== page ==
Furthermore, tuition increases form an important part of the recommendations generated by the UC Commission on the Future. In their draft report for October 2010 [pdf], the Regents go far out of their way to leave open the possibility of drastic tuition hikes. They do this in two ways. First, by rejecting Recommendation 8 ("Adopt a Multi-year Tuition Schedule"). This recommendation -- itself problematic, since it does nothing to reverse the shift toward privatization -- would have systematized tuition increases in four- or five-year blocks in order to prevent the shock of students' tuition being raised in the middle of their university career. In rejecting the proposal, however, the Regents declared
Adopting a multi-year tuition schedule would, however, reduce flexibility in tuition revenue and require the University to make contingency plans. Since continuing students would be assured a fixed tuition increase rate, any revenue required beyond that amount -- due to a sudden decline in state funding, for example -- would have to be generated by the 30 percent of students who would be subject to the “new” student rate. In addition, application of the multi-year tuition schedule should be contingent on a maintenance of effort by the State. In the case of significant and abrupt state budget cuts, the University might need to adopt an emergency tuition increase outside of the scheduled amount. (p. 15)They rejected the proposal, in other words, in order to maintain what they call "flexibility": the ability to raise tuition at will, for any reason they deem appropriate (that "for example" is extremely telling).
Second, at the end of the report, the Regents deliberated on a series of what they called "contingency recommendations," that were neither approved nor rejected at the time but could be brought up in the future if, as they put it, "the fiscal crisis [should] deepen and state and other funding sources continue to decline" (p. 26). One of these recommendations reads as follows:
Substantially increase tuition and fees, including charging differential tuition by campus (see Recommendation 17), as part of a broad based program to sustain the University.Given the UCOF recommendations, it should come as no surprise that the Regents would consider another large tuition increase. Some people, like reporter Matt Krupnick of the Contra Costa Times and the Oakland Tribune, are skeptical of these claims, stating that "UC is not considering a 20% tuition hike for next fall." But instead of just discounting these rumors, the Bay Citizen actually followed up on them:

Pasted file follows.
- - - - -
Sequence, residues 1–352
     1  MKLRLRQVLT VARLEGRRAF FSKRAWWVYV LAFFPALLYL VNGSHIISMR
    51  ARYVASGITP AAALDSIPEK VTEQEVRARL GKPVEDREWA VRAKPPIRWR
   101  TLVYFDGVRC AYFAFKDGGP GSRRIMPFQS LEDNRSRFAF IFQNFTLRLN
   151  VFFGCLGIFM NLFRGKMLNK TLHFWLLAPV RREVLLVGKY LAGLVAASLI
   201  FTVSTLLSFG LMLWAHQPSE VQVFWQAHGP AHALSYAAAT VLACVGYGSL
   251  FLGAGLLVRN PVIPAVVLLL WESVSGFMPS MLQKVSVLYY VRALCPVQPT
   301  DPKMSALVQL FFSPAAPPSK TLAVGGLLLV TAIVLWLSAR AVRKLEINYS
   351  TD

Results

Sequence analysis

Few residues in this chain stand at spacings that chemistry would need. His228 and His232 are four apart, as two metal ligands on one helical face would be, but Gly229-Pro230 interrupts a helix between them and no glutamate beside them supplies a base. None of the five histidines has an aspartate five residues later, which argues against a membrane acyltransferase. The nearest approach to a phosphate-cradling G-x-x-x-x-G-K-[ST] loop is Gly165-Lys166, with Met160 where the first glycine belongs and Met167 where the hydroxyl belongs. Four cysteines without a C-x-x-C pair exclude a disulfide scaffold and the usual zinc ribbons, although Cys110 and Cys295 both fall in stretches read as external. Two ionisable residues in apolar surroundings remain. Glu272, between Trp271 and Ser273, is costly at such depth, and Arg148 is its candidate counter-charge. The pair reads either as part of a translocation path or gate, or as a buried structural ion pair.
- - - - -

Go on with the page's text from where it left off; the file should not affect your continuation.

[UC Budget Director Patrick] Lenz told The Bay Citizen that students asked him about whether the UC Regents would consider fee hikes at their November meeting and how large the fee hikes could be.The increase could be anywhere from 0 to 20 percent. In other words, the original rumor was exactly right: UC is in fact considering another tuition hike of up to 20 percent. This is one of the issues that will be decided on at the next Regents' meeting at UCSF Mission Bay campus, on November 16-18.
Lenz told the students fee hikes would be considered that could "range anywhere from 0 to 20 percent."
"I was trying to give a very broad picture to students," he said. "I don't believe for a minute that 20 percent is going to be considered."
Last November, the UC Regents passed a 32 percent fee hike that was implemented over the spring and fall 2010 semesters.
Information about student fee considerations will be available early next month when the agenda for the upcoming regents meeting is released.
Update [Friday 10/15]: It should be pointed out that an alternative interpretation of these rumors is that the UCOP and the UC Regents want to raise tuition by, say, 10 percent, and are intentionally floating the possibility of a 20 percent hike in an attempt to preemptively minimize the outrage in November.